Layers: BD-50

Clarity/Detail: Abbott and Costello Meet Dr Jekyll and Mr Hyde, Go To Mars and transfer to Blu-ray with a solid appearance and pretty good overall with nice details and crispness abound. The prints do have their softer moments to them and can have some noticeable aging, but overall I found these, even moreso Jekyll and Hyde, to be of the best of the bunch when it comes to this set.

Depth:  There’s a solid little depth of field on display with good spacing on characters and backgrounds. Movements are smooth and cinematic with no problematic blurs or jitters with rapid motion.

Black Levels: Blacks are pretty rich and in the case of Jekyll and Hyde they really feel their own character of enrichening the picture. Mars tends to have a brighter look, but with some good sharper images thanks to how they appear. No crushing witnessed.

Color Reproduction: N/A

Flesh Tones: Skin tones carry a similar gray/white skin tone as is par for the course with the films in this set. Texture and facial details are best when close up but hold strong in more medium shots.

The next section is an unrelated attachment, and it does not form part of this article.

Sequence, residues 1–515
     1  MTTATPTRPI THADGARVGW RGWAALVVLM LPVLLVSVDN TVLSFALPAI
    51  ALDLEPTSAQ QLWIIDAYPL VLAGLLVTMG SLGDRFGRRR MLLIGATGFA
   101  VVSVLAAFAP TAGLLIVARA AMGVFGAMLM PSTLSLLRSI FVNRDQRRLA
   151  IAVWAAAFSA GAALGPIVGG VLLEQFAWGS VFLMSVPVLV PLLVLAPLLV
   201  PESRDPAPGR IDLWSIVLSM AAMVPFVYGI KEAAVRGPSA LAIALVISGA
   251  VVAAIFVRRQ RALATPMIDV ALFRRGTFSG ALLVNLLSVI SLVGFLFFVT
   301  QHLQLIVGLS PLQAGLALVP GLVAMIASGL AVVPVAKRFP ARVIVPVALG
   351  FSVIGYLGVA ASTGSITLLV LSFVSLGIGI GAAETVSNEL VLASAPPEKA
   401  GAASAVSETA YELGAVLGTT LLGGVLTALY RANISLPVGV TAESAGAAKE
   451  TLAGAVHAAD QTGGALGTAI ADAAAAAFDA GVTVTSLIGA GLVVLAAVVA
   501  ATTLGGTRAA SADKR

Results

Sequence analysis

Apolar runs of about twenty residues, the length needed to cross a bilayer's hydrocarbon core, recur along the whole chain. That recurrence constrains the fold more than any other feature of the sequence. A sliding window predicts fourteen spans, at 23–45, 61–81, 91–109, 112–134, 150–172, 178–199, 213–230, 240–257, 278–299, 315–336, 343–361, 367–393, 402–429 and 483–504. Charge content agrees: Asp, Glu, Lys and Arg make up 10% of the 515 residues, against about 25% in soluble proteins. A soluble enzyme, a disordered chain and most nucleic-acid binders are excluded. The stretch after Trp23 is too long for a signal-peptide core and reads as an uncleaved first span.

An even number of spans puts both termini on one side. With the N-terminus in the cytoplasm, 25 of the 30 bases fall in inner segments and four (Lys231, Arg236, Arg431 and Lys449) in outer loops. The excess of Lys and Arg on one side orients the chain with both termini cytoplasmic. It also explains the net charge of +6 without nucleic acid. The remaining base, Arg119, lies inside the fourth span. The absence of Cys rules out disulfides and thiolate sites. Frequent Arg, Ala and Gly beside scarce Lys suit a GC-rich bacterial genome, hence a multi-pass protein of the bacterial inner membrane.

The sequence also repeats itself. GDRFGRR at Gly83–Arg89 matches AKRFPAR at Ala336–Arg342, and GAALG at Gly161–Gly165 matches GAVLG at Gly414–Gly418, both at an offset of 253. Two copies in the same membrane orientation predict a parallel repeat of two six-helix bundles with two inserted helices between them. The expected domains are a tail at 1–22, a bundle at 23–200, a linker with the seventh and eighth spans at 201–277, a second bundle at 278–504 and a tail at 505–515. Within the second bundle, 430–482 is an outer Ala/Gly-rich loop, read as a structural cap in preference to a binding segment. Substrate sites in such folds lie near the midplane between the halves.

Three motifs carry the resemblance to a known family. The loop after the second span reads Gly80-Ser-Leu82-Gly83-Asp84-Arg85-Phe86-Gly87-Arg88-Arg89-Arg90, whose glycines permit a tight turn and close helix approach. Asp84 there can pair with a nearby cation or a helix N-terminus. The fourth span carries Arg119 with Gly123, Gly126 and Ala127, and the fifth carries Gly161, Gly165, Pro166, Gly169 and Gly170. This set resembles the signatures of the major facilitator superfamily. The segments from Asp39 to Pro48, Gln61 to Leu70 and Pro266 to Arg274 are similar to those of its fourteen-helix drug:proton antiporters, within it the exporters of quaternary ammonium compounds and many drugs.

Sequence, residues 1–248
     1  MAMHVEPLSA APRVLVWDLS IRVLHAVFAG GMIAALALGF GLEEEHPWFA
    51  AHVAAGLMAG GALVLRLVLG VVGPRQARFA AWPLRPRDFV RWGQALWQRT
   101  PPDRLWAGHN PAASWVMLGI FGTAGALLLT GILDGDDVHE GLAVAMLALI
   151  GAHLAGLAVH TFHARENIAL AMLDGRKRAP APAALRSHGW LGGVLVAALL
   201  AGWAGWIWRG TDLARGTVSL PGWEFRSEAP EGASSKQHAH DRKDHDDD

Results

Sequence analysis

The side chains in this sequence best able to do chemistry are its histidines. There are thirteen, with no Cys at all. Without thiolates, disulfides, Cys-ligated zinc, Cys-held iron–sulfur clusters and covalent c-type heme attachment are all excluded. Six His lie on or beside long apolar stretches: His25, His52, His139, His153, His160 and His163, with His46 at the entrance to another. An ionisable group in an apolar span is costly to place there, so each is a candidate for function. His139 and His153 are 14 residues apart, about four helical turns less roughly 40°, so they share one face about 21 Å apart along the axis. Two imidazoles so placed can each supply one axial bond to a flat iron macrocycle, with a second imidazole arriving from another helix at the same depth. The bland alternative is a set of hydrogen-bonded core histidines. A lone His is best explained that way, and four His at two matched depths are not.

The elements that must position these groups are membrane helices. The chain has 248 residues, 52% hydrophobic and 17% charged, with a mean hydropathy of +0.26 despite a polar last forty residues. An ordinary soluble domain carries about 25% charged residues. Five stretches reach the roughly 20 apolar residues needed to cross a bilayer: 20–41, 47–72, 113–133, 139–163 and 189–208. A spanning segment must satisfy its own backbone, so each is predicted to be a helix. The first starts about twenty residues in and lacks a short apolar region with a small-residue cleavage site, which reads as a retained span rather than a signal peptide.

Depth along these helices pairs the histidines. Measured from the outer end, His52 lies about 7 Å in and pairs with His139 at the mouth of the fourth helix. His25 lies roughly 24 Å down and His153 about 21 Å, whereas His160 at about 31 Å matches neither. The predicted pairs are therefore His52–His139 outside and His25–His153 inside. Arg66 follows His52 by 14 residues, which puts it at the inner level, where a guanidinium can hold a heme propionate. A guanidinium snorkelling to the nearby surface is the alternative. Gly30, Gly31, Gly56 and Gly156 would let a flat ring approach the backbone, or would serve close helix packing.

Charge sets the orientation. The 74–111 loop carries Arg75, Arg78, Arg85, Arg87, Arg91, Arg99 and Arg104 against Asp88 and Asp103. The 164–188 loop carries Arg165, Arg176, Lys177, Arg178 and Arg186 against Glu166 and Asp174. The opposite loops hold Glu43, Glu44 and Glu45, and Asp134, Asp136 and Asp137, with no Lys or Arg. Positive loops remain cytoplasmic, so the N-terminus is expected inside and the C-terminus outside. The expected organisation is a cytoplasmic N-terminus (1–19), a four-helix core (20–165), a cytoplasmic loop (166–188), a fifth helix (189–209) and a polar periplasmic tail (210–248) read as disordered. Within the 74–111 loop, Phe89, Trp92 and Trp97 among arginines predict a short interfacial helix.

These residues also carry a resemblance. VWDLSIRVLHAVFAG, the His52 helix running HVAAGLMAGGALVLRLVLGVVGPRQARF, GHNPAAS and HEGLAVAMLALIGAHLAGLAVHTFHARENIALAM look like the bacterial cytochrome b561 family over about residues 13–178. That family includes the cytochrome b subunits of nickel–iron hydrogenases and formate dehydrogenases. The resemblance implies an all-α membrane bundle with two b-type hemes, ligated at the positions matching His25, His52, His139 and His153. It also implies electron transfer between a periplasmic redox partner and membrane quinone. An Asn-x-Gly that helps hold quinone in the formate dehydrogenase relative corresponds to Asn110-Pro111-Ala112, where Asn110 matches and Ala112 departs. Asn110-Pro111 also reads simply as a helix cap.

Noise/Artifacts: Clean.


Audio Format(s): English 2.0 Mono DTS-HD MA

Subtitles: English

Dynamics: These are on both sides of the spectrum when it comes to their quality in regards to their relation to the rest of the films in this set. Jekyll features heavier hiss, though its perfectly fine and watchable. They are balanced pretty good and do fare well with their bits of peaking, but this is your typical experience I’ve written about over and over with these films.

Height: N/A

Low Frequency Extension: N/A

Surround Sound Presentation: N/A

Dialogue Reproduction: Vocals are plenty audible with solid clarity given their age and source.


Abbott & Costello Go To Mars

Theatrical Trailer (HD, :53)

Image Gallery (HD, 5:08)

Production Notes (HD, 1:33) 

Abbott & Costello Meet Dr Jekyll and Mr Hyde

Audio Commentary

  • With film historians Tom Weaver and Richard Scrivani

Theatrical Trailer (SD, 1:27)

Image Gallery (HD, 5:59)

Production Notes (HD, 1:35)


*These discs are not available as an individual release at this time. A Summary rating will be provided in the full set review posting.

Overall, this is a really fun disc. I’m one who likes Go To Mars, warts and all, which might be an unpopular opinion. And the Dr Jekyll and Mr Hyde story is quite a lot of fun and nice spin on the old tale. The quality here is a bit of the back and forth of the typical transfers and audio you see here with Hyde having the better performance overall. Extras find a commentary here so it has a leg up.


Brandon is the host, producer, writer and editor of The Brandon Peters Show (thebrandonpetersshow.com) on the Creative Zombie Studios Network. At Why So Blu he is a Writer/Reviewer. Brandon is a lifelong obsessive film nerd. As eager to educate in the world of film as I am to learn. An avid lover of horror, schlock and trash. You can also find older essays on his blog Naptown Nerd (naptownnerd.blogspot.com).